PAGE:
More Studies Link Blood Pressure Drugs, Brain Health

Dorian Martin Health Guide
  • Some medications used to treat blood pressure are increasingly showing signs that they may have an effect on dementia. Admittedly, the findings are a little contradictory, but they do offer some hope. In addition, these studies underscore the relationship between heart health and brain health.


    Research on Sartans & Beta-Blockers


    For instance, the Fisher Center for Alzheimer’s Research Foundation reported on a study that found that angiotensin receptor blockers (also known as “sartans”) that are used to treat high blood pressure seemed to result in less brain plaque that is characteristic of Alzheimer’s disease. These medications also are occasionally prescribed to help manage heart failure that can result from diabetes-related kidney disease.

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    This study involved the examination of brains from 890 people who had been treated with different types of blood pressure medications. Most of these people died when they were in their 70s or 80s. Some but not all had Alzheimer’s disease.


    The autopsy of the brains found that the people who were taking sartans had developed less brain plaque when compared with people who were taking other medications for high blood pressure. This finding was consistent among all of the brains, not just those with Alzheimer’s disease. “Buildup of plaque, composed of the toxic protein beta-amyloid, is a hallmark of Alzheimer’s, though some people with plaque buildup do not show signs of the disease,” the foundation reported. “And whether the diminution of plaque buildup observed in this study in those taking sartans translates to fewer memory problems remains to be determined.”


    This study follows a previous large study of American veterans who had high blood pressure. That study found that veterans who were taking sartans had a lower risk of developing Alzheimer’s disease and other types of dementias than those who were on other high blood pressure medications, such as ACE inhibitors.


    And another study published earlier this year found that taking beta-blockers for hypertension led to fewer micro infarctions, less brain atrophy and fewer Alzheimer’s legions in autopsies of brains from 774 Japanese-American men.  In this study, 15 percent took only a beta-blocker, 18 percent took both a beta-blocker and one or more other medications, while 67 percent took other blood pressure medications. According to ABC News, this study found that beta blockers alone were superior to other forms of blood pressure treatment in relation to dementia and Alzheimer’s disease.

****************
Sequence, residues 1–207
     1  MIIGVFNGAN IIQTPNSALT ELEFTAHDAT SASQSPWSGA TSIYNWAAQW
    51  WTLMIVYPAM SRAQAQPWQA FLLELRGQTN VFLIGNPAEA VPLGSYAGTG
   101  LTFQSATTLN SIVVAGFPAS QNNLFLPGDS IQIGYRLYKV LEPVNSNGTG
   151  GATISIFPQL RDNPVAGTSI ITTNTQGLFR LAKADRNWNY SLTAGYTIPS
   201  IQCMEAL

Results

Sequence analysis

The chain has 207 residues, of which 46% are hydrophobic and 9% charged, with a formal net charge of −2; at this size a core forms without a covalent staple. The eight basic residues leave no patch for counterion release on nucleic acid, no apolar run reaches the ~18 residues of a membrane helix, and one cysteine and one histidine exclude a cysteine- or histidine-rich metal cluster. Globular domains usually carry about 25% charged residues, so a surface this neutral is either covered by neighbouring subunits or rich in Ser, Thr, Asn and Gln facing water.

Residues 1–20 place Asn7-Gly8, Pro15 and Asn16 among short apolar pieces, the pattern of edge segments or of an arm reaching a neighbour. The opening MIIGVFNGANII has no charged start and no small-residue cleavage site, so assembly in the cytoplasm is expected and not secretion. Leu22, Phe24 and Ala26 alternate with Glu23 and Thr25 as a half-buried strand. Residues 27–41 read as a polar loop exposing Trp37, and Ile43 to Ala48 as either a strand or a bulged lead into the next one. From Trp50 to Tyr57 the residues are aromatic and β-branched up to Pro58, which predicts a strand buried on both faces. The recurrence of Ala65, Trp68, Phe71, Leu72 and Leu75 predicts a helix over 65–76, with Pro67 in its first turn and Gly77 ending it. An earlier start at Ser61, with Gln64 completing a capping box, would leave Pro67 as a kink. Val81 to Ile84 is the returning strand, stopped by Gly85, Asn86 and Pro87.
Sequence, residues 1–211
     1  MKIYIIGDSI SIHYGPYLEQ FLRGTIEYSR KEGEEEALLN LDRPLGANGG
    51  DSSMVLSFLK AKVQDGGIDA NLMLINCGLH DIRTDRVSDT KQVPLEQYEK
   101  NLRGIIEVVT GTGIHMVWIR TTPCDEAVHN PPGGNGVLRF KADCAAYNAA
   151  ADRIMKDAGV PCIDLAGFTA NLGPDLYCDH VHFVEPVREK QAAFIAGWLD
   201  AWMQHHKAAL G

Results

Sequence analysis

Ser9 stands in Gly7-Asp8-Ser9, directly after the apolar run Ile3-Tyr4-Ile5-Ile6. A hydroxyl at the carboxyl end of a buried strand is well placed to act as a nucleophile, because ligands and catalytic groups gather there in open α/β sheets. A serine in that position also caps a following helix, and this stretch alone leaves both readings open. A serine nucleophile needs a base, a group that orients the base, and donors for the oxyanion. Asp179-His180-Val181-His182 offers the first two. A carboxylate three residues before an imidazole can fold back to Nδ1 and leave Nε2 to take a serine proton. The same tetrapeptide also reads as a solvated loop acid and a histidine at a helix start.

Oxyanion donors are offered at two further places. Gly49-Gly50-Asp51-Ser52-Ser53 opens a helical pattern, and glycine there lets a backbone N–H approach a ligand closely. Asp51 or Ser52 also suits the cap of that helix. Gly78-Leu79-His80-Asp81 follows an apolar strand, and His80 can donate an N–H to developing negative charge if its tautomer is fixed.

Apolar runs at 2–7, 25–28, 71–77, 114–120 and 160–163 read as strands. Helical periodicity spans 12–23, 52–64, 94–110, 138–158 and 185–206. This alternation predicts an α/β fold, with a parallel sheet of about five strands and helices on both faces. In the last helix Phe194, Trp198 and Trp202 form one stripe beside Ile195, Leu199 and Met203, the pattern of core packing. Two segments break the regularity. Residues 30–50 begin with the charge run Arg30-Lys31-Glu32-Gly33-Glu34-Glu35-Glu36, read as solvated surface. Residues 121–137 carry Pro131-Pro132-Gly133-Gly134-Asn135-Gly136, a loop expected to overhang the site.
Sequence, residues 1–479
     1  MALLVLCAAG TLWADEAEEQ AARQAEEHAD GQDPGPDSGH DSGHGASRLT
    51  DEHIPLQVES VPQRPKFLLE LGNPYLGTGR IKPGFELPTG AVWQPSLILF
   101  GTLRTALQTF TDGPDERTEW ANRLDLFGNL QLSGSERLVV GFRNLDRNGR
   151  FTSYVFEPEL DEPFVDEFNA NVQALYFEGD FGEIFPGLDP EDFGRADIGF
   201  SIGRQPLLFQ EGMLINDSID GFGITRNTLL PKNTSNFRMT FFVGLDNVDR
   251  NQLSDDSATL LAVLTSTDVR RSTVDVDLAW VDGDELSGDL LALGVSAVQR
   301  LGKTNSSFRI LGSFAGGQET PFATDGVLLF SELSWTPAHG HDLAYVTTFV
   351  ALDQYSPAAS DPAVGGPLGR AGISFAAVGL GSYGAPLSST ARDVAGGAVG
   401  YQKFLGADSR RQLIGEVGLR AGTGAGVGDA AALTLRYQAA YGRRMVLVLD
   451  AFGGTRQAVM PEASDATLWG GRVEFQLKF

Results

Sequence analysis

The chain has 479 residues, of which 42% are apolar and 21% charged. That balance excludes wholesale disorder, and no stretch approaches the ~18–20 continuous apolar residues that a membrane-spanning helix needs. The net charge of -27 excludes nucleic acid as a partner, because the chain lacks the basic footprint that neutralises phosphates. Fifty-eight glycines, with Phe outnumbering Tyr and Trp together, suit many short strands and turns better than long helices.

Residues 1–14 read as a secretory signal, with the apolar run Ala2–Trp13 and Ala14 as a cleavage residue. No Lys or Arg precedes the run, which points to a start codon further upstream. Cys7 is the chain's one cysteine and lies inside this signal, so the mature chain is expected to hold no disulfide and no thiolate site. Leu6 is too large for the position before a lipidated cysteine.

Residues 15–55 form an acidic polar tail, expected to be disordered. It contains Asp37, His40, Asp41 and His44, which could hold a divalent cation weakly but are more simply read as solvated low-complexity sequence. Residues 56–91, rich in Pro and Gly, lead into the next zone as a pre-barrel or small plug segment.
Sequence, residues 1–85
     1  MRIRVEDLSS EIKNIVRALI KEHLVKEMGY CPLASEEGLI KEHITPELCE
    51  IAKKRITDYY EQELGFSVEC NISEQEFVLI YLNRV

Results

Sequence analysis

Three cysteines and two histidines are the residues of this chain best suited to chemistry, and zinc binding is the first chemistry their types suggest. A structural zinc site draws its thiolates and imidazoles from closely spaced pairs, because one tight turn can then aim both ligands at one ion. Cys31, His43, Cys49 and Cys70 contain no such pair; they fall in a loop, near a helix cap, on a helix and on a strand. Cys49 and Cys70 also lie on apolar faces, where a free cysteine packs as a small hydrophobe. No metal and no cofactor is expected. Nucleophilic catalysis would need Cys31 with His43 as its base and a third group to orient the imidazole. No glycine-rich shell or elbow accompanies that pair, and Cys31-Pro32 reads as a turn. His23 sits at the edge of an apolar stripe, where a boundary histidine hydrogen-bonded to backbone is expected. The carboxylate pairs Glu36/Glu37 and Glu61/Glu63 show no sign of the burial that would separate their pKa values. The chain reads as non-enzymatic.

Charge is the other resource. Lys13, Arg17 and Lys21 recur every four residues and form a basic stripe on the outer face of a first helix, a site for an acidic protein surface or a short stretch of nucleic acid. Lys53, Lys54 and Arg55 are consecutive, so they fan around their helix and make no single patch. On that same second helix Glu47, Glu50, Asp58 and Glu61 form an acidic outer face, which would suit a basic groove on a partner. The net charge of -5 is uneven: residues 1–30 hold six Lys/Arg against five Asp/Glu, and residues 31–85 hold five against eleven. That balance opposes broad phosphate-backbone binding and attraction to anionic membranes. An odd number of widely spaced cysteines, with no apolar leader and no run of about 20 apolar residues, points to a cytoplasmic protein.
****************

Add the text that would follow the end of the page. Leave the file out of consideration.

Types of Blood Pressure Medications


    There are multiple types of blood pressure medications that are prescribed to people who have hypertension. According to the American Heart Association, these medications include:

    • Diuretics, which help the body get rid of excess sodium and water in order to control blood pressure. These often are prescribed in combination with additional medications.
    • Beta blockers, which reduce the heart rate, the heart’s workload, as well as the output of blood.
    • Angiotensin II receptor blockers (sartans), which blocks the effect of angiotensin, a chemical that causes arteries to narrow.
    • ACE inhibitors, which starts for Angiotensin-converting enzyme. Angiotensin is a chemical that triggers arteries to narrow. ACE inhibitors cause the body to produce less angiotensin, which results in the blood vessels relaxing and opening up to help blood move more smoothly through the body.
    • Calcium channel blockers, which prevent calcium from entering the smooth muscle cells of the heart and arteries. Calcium in these cells cause a stronger and harder contraction; therefore, limiting the calcium’s effect causes the heart’s contraction to be less forceful. The calcium channel blockers cause narrowed blood vessels to relax, thus reducing the heart rate and lowering blood pressure.
    • Alpha blockers, which reduce the resistance of arteries, thus relaxing the muscle tone of the vascular walls.
    • Alpha-2 Receptor Agonist, which decrease the activity of the sympathetic portion of the involuntary nervous system.
    • Combined alpha and beta-blockers, which are used as an IV drip for people who are experiencing a hypertensive crisis. This medication may be prescribed in an outpatient situation if the person is at risk for heart failure.
    • Central agonists, which cause the blood vessel’s ability to tense up or contract to decrease.
    • Peripheral adrenergic inhibitors, which block neurotransmitters in the brain, thus blocking the smooth muscles from receiving the message to constrict. These medications are rarely used.
    • Blood vessel dilators (vasodilators), which cause the muscle in the walls of blood vessels to relax, thus allowing the blood vessel to widen.

    I wasn't able to ascertain what relationship between these other medications and brain health. However, I think your health care provider can pull this type of research to use in making medication decisions. So if you have high blood pressure and also are worried about Alzheimer’s and dementia, definitely talk with your health care provider about the best medication for your situation.


  • Primary Sources for This Sharepost:

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    American Heart Association. (2012). Types of blood pressure medications.


    Fisher Center for Alzheimer’s Research Foundation. (2012). Blood pressure drugs may help slow Alzheimer’s.


    Petrochko, C. (2013). Blood pressure drugs linked to lower Alzheimer’s risk. ABC News.

Published On: April 18, 2013